NEWS
07/19/2019 10:33 EDT | Updated 07/19/2019 10:36 EDT

Canadian Hacker Barred From Entering U.S. To Face Felony Charges

U.S. authorities didn’t process the paperwork necessary for Vasile Mereacre's round-trip travel.

Lucas Oleniuk via Getty Images
File photo of pre-clearance security checkpoint at Toronto's Pearson International Airport.

OTTAWA — A Canadian hacker facing a criminal trial in the United States is stuck at his parents’ Ontario house due to a technicality after being granted permission to return home briefly for medical treatment.

His pretrial conditions restrict his movements to the Southern District of Florida.

According to court documents, Vasile Mereacre was also visiting his family and was scheduled to return to Florida last week, but U.S. authorities didn’t complete the paperwork necessary for his round-trip travel.

He was barred from getting on his Florida-bound flight last week by U.S. Customs and Border Protection (CBP) because of his pending American criminal trial. The July 9 court filing notes that Mereacre “did not possess a valid entry document.”

WATCH: What you should do after a security breach

 

“In order to return to the United States, the defendant must obtain a document from CBP known as a ‘Significant Public Benefit Parole,”’ reads the court filing. 

Magistrate Judge Virginia DeMarchi ordered Mereacre stay at his parents’ house “while the U.S. government obtains permission for him to return to the Southern District of Florida.”

The Federal Bureau of Investigation has been called in to expedite Mereacre’s temporary admission into the U.S., according to documents filed in the U.S. District Court for the Northern District of California.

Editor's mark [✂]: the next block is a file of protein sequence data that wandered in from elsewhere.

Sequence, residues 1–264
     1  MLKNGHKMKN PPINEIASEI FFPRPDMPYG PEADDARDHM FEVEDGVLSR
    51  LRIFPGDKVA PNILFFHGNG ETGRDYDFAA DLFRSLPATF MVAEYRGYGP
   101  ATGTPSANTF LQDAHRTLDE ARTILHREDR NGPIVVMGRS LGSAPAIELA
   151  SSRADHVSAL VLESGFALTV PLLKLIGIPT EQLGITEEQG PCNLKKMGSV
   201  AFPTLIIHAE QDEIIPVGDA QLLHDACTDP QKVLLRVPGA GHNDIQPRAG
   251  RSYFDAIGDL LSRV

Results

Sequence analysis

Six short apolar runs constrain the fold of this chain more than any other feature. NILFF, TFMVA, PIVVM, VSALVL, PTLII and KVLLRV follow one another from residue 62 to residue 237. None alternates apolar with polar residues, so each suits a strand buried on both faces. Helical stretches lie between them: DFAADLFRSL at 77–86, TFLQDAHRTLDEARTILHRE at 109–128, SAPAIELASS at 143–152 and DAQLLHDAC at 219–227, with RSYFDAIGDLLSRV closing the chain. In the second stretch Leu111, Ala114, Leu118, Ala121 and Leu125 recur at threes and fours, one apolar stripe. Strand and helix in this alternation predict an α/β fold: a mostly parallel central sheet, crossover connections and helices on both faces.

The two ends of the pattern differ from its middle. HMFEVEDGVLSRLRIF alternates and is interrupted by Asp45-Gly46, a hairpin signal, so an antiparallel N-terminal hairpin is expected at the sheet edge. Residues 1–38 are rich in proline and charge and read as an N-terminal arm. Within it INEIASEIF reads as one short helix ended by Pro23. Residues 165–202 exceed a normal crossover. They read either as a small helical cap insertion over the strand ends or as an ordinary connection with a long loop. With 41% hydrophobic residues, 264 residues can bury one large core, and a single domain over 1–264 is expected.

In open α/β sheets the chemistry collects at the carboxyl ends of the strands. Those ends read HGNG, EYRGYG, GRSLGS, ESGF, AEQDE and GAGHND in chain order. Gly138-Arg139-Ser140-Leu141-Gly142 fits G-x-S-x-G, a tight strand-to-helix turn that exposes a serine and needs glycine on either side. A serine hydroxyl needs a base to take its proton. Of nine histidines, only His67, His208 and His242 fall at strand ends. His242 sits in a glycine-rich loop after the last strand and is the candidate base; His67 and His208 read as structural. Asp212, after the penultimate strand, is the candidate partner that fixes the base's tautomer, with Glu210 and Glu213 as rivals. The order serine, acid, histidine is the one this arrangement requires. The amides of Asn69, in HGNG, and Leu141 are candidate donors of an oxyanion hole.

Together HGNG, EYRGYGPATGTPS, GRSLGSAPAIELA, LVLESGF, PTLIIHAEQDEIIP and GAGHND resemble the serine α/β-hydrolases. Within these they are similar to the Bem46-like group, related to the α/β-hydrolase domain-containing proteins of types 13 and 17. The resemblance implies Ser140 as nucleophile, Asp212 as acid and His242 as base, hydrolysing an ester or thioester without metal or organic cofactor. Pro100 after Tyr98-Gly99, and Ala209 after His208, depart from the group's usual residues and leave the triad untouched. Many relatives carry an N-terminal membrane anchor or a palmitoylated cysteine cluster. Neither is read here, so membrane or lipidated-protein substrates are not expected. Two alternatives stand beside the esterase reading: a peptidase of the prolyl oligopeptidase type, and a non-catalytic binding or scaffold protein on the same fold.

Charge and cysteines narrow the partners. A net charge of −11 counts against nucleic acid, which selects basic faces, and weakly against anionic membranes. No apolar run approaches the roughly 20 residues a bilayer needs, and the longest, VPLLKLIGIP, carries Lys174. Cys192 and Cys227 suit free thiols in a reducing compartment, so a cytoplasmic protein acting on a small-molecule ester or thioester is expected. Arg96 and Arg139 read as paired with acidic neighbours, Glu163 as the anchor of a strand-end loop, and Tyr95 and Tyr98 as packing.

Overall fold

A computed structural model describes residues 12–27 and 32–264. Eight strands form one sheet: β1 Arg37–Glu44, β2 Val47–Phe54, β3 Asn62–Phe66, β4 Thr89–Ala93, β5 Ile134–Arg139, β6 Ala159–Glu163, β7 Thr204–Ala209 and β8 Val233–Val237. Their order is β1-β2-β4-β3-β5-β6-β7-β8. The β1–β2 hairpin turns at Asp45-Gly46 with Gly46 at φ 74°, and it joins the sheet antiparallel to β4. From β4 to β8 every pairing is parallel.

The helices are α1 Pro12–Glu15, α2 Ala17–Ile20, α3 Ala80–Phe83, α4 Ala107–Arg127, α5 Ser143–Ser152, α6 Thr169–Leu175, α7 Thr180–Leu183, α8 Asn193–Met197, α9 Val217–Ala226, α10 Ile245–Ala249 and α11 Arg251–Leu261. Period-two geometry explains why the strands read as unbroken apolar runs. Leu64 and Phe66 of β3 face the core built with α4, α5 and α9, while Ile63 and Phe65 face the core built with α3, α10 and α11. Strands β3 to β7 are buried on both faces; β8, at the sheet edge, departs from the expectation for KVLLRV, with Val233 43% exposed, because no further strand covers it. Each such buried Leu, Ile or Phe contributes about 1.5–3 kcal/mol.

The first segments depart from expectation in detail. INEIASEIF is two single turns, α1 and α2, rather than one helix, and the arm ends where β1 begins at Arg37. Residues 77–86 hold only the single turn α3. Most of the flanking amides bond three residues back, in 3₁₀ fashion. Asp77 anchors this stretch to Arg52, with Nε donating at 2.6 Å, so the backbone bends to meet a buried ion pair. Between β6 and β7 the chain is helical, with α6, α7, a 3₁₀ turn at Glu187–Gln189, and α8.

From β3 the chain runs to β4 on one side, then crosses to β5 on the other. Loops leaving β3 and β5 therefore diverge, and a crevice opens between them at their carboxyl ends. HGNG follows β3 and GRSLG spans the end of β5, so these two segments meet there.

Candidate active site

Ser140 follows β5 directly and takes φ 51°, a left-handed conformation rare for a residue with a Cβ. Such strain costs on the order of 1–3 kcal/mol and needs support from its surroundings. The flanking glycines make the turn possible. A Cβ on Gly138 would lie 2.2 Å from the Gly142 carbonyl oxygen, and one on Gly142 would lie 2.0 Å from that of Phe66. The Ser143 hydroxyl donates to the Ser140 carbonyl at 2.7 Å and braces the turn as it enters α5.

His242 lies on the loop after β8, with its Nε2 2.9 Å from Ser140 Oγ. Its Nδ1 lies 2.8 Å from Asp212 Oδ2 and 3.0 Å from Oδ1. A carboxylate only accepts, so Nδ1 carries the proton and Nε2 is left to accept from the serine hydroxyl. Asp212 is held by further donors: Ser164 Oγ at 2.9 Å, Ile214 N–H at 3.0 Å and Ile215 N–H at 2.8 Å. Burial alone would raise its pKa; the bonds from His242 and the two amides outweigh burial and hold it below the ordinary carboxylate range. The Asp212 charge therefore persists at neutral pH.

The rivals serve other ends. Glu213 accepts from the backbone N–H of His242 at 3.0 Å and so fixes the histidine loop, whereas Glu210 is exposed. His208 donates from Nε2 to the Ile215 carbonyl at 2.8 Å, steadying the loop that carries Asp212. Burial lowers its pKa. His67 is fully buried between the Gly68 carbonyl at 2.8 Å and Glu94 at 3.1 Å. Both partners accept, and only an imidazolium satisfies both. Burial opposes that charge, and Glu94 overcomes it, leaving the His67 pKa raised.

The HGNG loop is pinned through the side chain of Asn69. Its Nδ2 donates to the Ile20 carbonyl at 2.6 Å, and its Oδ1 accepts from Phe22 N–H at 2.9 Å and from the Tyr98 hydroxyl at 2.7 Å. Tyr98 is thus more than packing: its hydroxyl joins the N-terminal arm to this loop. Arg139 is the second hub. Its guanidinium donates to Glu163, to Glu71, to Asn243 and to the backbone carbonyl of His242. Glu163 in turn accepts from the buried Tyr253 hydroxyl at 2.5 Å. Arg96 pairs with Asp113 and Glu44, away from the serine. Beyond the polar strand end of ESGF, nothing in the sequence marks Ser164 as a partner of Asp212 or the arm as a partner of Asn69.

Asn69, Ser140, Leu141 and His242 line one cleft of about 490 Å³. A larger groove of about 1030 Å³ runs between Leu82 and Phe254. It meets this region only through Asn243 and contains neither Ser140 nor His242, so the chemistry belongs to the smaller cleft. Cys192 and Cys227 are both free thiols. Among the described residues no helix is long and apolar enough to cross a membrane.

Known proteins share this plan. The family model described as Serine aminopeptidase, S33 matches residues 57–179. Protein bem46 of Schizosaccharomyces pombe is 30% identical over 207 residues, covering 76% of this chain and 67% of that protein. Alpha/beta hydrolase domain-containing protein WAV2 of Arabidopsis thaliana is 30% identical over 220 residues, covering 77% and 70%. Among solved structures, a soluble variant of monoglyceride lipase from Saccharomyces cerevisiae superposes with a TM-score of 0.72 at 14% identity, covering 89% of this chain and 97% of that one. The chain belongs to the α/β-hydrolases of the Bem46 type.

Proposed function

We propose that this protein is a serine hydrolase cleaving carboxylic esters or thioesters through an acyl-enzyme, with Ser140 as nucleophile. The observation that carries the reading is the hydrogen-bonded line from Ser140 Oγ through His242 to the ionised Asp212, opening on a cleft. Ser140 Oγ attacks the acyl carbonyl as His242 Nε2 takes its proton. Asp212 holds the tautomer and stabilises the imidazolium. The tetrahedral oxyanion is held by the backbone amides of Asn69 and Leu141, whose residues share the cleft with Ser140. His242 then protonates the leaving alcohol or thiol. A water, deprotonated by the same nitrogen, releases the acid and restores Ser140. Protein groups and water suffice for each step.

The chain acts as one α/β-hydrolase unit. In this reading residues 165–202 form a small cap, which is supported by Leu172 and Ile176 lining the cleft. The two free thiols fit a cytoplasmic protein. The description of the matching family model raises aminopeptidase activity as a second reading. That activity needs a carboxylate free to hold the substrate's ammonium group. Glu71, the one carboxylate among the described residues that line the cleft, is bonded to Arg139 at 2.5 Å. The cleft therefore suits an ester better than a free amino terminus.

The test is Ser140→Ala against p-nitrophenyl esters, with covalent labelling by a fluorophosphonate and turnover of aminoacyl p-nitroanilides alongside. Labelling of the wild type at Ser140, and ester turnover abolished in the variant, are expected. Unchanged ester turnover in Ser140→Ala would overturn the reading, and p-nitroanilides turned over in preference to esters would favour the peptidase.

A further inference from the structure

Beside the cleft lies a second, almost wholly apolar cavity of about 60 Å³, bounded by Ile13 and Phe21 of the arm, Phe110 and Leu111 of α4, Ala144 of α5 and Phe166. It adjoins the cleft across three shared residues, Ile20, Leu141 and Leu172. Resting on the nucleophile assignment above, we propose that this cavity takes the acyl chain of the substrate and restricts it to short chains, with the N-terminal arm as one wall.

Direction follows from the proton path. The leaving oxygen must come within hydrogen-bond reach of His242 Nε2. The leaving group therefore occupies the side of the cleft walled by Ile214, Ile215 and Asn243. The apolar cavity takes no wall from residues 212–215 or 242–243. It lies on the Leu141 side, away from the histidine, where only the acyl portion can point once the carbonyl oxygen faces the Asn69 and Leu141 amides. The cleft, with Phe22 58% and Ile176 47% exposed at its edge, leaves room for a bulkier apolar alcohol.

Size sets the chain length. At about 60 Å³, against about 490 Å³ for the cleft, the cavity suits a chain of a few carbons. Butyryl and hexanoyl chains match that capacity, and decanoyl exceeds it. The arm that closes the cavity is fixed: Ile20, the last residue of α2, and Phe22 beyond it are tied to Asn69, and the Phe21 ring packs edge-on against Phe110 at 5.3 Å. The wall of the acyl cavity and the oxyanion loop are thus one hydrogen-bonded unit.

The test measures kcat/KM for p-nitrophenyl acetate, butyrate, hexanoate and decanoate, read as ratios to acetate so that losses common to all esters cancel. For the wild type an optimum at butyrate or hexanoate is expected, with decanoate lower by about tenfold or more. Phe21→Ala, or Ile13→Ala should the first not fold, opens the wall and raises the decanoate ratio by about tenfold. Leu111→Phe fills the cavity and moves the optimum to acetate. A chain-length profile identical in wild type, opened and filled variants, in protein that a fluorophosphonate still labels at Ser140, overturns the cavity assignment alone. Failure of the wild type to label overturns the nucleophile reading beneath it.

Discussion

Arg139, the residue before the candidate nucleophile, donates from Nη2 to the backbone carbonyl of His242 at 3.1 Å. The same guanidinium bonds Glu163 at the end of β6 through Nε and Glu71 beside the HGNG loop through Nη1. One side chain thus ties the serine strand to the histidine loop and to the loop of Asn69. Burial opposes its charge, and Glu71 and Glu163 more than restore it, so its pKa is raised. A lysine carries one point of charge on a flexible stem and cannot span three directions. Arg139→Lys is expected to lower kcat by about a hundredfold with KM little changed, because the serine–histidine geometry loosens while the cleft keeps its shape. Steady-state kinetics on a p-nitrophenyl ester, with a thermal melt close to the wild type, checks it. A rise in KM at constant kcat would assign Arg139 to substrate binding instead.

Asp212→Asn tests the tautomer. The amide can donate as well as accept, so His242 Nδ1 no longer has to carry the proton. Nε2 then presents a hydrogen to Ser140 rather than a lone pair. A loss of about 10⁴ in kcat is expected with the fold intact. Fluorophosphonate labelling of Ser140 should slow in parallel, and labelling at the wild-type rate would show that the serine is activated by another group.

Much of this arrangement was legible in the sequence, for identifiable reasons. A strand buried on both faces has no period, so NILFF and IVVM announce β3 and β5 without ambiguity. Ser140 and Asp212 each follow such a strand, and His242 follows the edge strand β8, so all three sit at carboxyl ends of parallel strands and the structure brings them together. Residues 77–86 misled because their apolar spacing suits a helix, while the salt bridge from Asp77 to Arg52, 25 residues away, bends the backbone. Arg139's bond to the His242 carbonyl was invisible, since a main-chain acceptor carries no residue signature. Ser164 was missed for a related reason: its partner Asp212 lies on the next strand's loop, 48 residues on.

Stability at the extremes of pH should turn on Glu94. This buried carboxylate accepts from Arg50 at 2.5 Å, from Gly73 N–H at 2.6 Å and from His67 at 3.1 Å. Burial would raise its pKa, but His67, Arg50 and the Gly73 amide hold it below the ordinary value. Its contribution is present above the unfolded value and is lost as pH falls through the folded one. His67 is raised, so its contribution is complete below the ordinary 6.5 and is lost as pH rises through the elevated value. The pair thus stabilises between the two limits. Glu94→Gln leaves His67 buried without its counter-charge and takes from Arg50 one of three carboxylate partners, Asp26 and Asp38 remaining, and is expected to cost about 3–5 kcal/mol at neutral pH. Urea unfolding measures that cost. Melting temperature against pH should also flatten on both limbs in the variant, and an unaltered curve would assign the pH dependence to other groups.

The court confirmed with HuffPost Canada Wednesday that the necessary entry document has yet to be issued that would allow Mereacre to return to the U.S. to wait for a trial.

Mereacre’s attorneys did not respond to requests for comment.

In the meantime, Mereacre is confined to his parents’ Bradford, Ont. home until the paperwork clears — a process that could take up to 30 days.

The Toronto man was indicted last year for allegedly stealing confidential information of more than 90,000 Lynda users, a LinkedIn-owned company that specializes in educational videos.

Mereacre, along with two others, face felony charges that include attempted extortion. They asked LinkedIn for a “huge reward” in exchange for not releasing the stolen data in late 2016.

It was the second major breach he allegedly had a role in within a span of a few months. 

Mereacre is also accused of having a role in another data hack stealing data from Uber in the same year. That privacy breach affected up to 57 million users of the ride-hailing app.